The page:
Opinion: Why Haven’t We Made It Safer to Breathe in Classrooms?

Two years ago, we got a chance to assure parents and teachers, in any future epidemic, that the air in classrooms was safer, making it easier for children to attend school in person and avoid learning loss and isolation.

In March 2021, Congress allocated $122 billion for schools to cope with the Covid pandemic and its aftermath — to hire tutors, retain teachers or improve their facilities. Public health and clean air advocates hoped that this would lead to widespread improvements in classroom ventilation and air quality to help ward off future pathogenic threats and reduce problems like dust, allergens and wildfire smoke.

But only about 34 percent of school districts said they used any of the money to upgrade their heating ventilation and air-conditioning systems, according to a recent survey from the Centers for Disease Control and Prevention. About 28 percent more installed in-room air cleaners, 8 percent said they installed ultraviolet lights — a more expensive and complicated method — and the rest reported no changes that would substantially improve air quality.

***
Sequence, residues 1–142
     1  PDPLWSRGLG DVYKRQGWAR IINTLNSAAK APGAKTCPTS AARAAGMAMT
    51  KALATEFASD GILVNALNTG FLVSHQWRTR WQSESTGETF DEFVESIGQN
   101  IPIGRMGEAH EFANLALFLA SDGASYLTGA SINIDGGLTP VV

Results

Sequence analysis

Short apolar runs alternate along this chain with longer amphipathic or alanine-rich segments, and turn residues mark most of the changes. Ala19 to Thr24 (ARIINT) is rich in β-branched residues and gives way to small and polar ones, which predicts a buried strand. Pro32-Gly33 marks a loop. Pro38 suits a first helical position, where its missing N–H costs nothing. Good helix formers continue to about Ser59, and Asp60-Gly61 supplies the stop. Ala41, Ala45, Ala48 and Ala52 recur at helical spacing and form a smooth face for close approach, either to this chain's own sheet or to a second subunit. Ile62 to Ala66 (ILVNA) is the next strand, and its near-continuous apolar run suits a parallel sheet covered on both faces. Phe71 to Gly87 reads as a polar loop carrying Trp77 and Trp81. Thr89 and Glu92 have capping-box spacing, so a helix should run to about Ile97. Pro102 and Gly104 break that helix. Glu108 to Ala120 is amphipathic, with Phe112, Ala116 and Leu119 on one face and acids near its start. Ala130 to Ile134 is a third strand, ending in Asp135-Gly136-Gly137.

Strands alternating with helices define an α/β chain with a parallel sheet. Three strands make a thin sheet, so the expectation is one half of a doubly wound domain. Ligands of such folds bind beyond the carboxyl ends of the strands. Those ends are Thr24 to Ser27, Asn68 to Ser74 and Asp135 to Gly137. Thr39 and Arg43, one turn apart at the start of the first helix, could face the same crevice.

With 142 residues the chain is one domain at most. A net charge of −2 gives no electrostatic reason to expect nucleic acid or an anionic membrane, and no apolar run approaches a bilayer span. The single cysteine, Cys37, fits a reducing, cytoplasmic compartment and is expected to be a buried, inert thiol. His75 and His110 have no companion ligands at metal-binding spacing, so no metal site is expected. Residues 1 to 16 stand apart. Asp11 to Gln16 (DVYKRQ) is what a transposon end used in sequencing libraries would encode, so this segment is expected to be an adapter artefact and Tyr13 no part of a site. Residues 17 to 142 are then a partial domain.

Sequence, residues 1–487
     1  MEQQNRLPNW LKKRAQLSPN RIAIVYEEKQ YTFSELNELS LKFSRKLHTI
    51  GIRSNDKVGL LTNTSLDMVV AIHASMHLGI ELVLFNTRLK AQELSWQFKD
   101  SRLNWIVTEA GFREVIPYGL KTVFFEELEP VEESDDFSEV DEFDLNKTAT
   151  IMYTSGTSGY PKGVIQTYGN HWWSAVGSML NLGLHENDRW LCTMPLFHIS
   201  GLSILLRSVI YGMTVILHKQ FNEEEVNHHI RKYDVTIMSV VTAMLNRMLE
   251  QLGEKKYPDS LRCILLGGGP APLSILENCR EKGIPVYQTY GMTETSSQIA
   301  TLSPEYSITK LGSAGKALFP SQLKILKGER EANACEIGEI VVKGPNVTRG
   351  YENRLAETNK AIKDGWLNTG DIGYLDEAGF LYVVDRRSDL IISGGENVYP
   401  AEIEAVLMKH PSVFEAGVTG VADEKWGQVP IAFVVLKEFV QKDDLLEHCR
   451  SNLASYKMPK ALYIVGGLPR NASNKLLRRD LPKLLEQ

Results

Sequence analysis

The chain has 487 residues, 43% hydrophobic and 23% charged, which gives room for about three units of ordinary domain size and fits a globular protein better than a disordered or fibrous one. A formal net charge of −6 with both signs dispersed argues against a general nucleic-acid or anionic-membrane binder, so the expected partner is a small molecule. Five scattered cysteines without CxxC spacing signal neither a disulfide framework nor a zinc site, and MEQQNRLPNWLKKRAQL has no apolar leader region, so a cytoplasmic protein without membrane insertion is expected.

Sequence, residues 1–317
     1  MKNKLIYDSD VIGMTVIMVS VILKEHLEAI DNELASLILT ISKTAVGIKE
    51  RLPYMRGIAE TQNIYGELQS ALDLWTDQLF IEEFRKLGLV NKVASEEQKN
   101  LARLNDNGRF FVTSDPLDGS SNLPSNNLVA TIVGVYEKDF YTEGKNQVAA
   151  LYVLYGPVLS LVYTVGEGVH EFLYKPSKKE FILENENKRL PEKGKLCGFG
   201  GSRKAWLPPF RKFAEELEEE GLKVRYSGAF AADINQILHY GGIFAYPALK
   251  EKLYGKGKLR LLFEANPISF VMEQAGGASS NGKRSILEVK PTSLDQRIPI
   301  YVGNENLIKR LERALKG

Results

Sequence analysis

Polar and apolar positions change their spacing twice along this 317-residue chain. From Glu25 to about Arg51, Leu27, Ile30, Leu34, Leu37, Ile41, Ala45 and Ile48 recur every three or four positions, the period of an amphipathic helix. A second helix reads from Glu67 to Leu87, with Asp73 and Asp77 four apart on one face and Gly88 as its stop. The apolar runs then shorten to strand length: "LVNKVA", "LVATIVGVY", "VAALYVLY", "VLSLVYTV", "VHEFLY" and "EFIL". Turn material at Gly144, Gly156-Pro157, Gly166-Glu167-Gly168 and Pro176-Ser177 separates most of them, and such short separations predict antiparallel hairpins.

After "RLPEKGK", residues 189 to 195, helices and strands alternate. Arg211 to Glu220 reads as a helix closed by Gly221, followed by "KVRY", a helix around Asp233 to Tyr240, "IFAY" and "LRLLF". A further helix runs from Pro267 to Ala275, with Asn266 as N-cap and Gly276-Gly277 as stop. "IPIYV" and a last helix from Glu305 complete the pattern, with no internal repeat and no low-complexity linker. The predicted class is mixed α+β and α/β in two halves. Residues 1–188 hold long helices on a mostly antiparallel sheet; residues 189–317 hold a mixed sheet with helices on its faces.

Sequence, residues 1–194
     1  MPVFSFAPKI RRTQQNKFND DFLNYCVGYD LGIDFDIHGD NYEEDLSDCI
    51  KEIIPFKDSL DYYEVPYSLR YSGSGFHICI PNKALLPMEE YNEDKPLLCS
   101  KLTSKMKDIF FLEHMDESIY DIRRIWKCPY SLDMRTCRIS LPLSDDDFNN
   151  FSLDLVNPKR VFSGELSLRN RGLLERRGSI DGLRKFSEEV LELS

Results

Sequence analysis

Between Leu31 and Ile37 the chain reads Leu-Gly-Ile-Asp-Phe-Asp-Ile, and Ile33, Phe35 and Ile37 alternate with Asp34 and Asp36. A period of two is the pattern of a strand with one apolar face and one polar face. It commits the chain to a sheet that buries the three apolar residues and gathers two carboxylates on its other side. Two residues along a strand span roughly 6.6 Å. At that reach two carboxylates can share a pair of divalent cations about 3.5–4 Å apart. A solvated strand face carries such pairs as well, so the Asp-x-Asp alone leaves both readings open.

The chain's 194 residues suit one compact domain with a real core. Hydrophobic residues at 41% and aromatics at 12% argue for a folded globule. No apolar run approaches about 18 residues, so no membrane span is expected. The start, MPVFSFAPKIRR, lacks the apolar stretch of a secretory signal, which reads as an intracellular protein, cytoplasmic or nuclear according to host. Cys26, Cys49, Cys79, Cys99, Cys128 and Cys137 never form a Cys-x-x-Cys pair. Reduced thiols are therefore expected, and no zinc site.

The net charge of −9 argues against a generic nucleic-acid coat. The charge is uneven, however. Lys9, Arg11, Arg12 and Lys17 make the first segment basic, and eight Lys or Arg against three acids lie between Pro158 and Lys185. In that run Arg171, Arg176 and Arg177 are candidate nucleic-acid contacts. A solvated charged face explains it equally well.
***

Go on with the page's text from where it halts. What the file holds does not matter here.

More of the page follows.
Read More @ The New York Times

By Zeynep Tufekci, Opinion Columnist at the New York Times

UConn Indoor Air Quality Initiative, Funded Through Cryptocurrency, Works to Protect Schools from Spread of COVID-19

two people preparing an air purifierCOVID-19 cases may be falling, but the virus is still a very real concern for many parents sending their children back to school. UConn researchers are working to ease those worries by building do-it-yourself air purifiers to improve health in schools and other crowded settings. The Indoor Air Quality Initiative, which has already made an impact in Connecticut, is growing, thanks to a generous donation.

The initiative has received a $300,000 grant, funded through cryptocurrency, from Balvi, an investment and direct giving fund established by Vitalik Buterin, the co-creator of Ethereum. Ethereum is a technology for building computer applications and organizations, holding assets, transacting, and communicating without being controlled by a central authority. Balvi was established for the purpose of deploying funds quickly to high-value COVID-19 projects that traditional institutional or commercial funding sources tend to overlook.

“Improving the quality of indoor air is a key tool for dealing with covid and future pandemics without any disruption to normal life,” says Buterin. “We are excited to support grassroots initiatives to improve air quality in schools and other public venues.”

The donation will allow UConn to expand the project’s reach and add to the more than 400 purifiers already in schools, libraries, shelters, and other locations throughout the state.

Read More @ UConn Foundation